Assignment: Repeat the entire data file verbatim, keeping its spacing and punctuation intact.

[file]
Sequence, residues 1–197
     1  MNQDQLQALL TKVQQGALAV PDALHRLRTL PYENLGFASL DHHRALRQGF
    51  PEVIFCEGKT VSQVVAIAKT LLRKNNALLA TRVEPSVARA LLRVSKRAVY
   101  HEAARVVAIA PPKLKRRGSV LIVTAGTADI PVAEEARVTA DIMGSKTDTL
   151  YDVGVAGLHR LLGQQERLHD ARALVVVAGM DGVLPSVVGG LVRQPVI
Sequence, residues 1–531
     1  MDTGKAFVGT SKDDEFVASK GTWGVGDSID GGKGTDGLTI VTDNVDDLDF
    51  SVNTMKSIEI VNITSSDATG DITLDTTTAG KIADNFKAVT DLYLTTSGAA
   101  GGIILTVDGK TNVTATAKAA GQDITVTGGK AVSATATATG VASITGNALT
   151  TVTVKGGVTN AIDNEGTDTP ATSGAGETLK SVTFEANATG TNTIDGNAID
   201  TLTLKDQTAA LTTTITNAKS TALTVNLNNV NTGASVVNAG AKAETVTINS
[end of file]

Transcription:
Sequence, residues 1–197
     1  MNQDQLQALL TKVQQGALAV PDALHRLRTL PYENLGFASL DHHRALRQGF
    51  PEVIFCEGKT VSQVVAIAKT LLRKNNALLA TRVEPSVARA LLRVSKRAVY
   101  HEAARVVAIA PPKLKRRGSV LIVTAGTADI PVAEEARVTA DIMGSKTDTL
   151  YDVGVAGLHR LLGQQERLHD ARALVVVAGM DGVLPSVVGG LVRQPVI
Sequence, residues 1–531
     1  MDTGKAFVGT SKDDEFVASK GTWGVGDSID GGKGTDGLTI VTDNVDDLDF
    51  SVNTMKSIEI VNITSSDATG DITLDTTTAG KIADNFKAVT DLYLTTSGAA
   101  GGIILTVDGK TNVTATAKAA GQDITVTGGK AVSATATATG VASITGNALT
   151  TVTVKGGVTN AIDNEGTDTP ATSGAGETLK SVTFEANATG TNTIDGNAID
   201  TLTLKDQTAA LTTTITNAKS TALTVNLNNV NTGASVVNAG AKAETVTINS